After getting the CBS boot, SA had to find a new recording deal and it doesn't seem like it was an easy task (and took a long time) as their next record came on unlikely labels: the trad folk Transatlantic label in UK/Europe and the soul Stax label in the new world. Strangely enough, they kept the producer of their first two album Fritz Fryer (but not Birch as engineer) and found a new drummer Tony Knight (ex-Bronx Cheer and Chessmen). The Two Quid Dea album (hopefully referring to CBS than their new album) was recorded well into 72 and came out with an atrocious Mickey Mouse artwork (it's amazing Disney never sued)

Opening on the heavy Nick's Seven with the unusual (for them) standard prog quartet (Dr, Bs, Kb and Gt), the track announces a more straight-forward rock direction, something confirmed with the funky 6- mins So Many People, the flute solo over the funky beat is only half-successful, but the track ends almost convincingly. Bad Words again veers straight hard rock (but is the highlight of the first side), until the interesting mid-section organ break, the track returns rebuilds slowly to its original groove; this is something that SA use and abuse over the course of their discography. Graveyard Shuffle is an uninteresting soul track as is the atrocious So Glad track (with an accordion solo if you can believe it) that you'd have a hard time recognizing Skip James' song version done fantastically by Cream.

After such a disastrous middle of the album (spread over two sides), finally the TQD album manages to grab the proghead's interest with the slow flute introduced A Final Coat track (one of the album's best tracks) with a much faster tempo past the first two verse, than a return to the wild instrumental interplay found on their first two albums, including a Jaxon-reminiscent sax. Up next is one of their best- known later tracks (released as a single) Skinvalley Serenade, a flute-laden instrumental track that could easily figure on early-Tull albums or early Focus. Another cool track is the above-average organ- driven Demagogue, but it's acoustic equivalent Sun Music following it is a constantly evolving track, even if hardly riveting, it holds our interest and ends the album on a medium note.

While the first side of TQD is of no interest to progheads (average at best and frankly boring at worst, the second part of the album saves it from sinking and even has some brilliant moments. But really apart from three tracks, this album might just as well be avoided by progheads looking to save both shelf space and hard-earned cash.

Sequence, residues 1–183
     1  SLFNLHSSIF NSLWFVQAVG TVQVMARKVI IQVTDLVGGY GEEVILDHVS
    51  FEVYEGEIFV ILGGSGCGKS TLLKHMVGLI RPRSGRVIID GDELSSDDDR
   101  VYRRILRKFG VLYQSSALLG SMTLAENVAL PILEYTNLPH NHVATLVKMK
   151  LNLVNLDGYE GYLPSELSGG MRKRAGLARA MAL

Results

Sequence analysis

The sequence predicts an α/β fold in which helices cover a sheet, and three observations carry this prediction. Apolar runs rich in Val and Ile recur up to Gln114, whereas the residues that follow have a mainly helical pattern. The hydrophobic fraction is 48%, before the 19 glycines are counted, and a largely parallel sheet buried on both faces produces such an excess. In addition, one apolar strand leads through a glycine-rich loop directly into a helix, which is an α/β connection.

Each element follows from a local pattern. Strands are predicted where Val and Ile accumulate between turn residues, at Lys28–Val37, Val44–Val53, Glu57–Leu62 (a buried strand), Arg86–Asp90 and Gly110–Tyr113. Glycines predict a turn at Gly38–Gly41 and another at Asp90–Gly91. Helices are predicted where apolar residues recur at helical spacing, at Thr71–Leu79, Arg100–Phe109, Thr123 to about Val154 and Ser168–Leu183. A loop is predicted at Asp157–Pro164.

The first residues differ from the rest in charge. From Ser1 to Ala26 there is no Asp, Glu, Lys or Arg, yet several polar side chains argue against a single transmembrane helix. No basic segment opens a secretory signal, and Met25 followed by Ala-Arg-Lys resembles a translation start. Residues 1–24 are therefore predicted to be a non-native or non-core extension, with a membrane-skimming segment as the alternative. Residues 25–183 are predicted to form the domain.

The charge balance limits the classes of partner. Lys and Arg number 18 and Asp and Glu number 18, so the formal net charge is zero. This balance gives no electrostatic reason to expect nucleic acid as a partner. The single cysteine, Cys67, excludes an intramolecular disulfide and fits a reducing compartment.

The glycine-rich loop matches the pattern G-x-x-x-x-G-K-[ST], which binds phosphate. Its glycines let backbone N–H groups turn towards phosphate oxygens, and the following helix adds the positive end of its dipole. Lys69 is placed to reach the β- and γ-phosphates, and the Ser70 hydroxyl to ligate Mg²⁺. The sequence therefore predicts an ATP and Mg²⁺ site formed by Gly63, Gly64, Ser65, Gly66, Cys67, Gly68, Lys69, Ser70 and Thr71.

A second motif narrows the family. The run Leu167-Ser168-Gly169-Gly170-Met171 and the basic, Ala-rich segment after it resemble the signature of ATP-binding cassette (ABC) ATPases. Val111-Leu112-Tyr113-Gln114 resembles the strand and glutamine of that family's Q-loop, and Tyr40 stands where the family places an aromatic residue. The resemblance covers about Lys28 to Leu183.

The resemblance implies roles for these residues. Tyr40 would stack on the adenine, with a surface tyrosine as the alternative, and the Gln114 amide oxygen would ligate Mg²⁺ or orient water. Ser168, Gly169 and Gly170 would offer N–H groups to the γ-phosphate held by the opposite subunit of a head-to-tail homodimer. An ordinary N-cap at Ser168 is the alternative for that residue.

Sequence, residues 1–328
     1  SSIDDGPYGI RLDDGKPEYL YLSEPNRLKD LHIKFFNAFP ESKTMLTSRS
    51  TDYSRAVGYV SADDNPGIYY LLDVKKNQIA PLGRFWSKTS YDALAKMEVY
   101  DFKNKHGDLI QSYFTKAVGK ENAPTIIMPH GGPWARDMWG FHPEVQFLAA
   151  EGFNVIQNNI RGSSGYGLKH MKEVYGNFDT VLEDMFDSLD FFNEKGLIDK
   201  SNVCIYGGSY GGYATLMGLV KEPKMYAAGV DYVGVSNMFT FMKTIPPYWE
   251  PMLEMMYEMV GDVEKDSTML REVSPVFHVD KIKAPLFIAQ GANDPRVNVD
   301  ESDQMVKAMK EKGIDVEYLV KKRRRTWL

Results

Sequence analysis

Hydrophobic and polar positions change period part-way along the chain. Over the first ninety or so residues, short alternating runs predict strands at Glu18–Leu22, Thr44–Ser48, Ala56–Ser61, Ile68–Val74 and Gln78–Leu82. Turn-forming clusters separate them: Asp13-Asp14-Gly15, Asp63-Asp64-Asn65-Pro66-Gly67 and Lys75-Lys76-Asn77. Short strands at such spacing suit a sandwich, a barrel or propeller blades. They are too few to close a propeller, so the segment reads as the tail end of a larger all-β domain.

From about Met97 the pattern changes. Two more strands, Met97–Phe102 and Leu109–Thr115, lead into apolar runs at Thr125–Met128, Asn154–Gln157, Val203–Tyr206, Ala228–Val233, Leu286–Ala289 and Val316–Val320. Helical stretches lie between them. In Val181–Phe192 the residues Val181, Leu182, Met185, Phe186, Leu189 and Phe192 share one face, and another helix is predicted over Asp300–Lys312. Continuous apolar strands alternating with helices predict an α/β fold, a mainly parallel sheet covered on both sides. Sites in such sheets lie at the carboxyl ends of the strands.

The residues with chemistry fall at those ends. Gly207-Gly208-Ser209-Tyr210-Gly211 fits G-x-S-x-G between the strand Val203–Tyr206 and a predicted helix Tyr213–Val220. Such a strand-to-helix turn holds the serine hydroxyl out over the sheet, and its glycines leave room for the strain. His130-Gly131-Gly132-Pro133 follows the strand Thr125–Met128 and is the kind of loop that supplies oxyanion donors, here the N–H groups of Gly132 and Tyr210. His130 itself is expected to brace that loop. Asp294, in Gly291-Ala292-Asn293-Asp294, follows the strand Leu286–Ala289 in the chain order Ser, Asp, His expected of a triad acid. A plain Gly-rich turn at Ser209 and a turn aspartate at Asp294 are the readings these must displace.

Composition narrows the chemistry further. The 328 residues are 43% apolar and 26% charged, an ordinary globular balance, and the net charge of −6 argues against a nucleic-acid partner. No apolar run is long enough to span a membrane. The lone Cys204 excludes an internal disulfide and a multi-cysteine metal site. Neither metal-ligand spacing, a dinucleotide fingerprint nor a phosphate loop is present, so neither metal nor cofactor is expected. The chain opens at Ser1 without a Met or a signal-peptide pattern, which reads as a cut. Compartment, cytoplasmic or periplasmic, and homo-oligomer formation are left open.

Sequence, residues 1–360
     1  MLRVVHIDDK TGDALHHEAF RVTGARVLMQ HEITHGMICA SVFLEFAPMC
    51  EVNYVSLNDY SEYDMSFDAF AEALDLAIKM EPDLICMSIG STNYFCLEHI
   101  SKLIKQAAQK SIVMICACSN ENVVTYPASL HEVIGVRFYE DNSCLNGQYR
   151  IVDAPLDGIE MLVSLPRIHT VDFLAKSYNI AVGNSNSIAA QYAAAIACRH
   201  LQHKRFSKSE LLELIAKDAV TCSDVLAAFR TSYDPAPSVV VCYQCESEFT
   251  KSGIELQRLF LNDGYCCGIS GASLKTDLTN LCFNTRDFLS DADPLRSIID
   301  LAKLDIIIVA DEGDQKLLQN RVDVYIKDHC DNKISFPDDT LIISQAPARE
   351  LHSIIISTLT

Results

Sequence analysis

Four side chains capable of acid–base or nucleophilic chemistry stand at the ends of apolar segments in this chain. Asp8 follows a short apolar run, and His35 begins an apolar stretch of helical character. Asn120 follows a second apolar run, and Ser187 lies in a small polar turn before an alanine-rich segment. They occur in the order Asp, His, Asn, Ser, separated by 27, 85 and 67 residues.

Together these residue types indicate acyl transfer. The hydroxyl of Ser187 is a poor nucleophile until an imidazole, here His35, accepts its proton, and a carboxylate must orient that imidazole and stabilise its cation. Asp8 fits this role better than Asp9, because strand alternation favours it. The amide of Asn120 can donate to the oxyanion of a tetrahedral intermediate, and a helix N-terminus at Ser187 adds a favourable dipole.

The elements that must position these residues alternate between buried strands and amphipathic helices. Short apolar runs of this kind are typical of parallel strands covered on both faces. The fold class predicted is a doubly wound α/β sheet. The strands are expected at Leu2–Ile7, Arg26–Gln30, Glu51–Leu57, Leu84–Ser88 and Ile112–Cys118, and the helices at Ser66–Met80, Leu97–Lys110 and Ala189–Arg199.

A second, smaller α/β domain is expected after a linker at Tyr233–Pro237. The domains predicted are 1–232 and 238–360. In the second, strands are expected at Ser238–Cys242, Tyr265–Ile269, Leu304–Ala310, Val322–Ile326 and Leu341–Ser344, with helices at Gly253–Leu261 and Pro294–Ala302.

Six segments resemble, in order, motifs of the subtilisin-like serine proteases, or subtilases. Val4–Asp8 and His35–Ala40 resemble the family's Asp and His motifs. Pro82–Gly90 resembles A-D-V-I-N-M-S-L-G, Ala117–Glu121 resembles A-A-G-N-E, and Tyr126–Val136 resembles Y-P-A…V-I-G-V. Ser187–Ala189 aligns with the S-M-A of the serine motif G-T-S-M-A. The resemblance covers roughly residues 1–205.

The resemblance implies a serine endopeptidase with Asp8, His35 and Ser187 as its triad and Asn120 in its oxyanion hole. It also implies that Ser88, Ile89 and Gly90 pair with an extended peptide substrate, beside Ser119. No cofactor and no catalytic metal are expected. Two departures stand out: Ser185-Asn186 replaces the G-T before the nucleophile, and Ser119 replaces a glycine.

Skintight by SKIN ALLEY album cover Studio Album, 1973
1.19 | 9 ratings

Skin Alley Jazz Rock/Fusion

Review by Sean Trane
Special Collaborator Prog Folk

1 stars 1.5 star at max!!!

If Skin Alley's TQD album was a definite step downwards, what can be said of Skintight? That the band had moved to the States to record this album in Memphis Tennessee, home of soul label Stax and the album was produced by the house hero Don Nix. That the album was definitely aimed at US markets? The previous was already looking at charts, but Skintight is a shameful shot at what will be called later in the decade AOR. Coming with different artwork depending on which side of the Atlantic you were: e psych cover is the European version and the "can version is the US one.

This album is filled with fillers, most of them either on the country rock side (Nashville is also in Tennessee) or on the soul side and there is an added brass section (as if SA needed that) and a string section, I smell Gruyeres and Provolone here. Tracks like How Long, If I Only Had The Time or Mr Heavy are bland barely credible country rock, which most progheads have a dislike for. While The Heap and Maverick Woman Blues both escape country music colours, it's not much more interesting, just a hard uninspired blues-rock. Others tracks like Quarter To One (brass laden, but not brass-rock), the reedy Surprise Awakening are tilting towards soul music

The Don Nix-written Broken Eggs and What Good Does It Do, both with those soppy string arrangements are completely uneventful, even if well played and arranged, this is cheese fondue enough for the Indian sub-continent. The only track worthy of interest is the closing Instrumental (that's its name) where glimpse of the first two albums appear and this track is the only good one on this album, enough to fit in the previous TQD album

No wonder after such a bad album that SA broke up. Completely direction-less, even schizophrenic between Memphis and Nashville, Skintight is easily their worst album and best avoided like the plague as all trace of their early fun jazz rock have disappeared? Dobn't run for, but run away from it.

Thanks to Sean Trane for the artist addition. and to Quinino for the last updates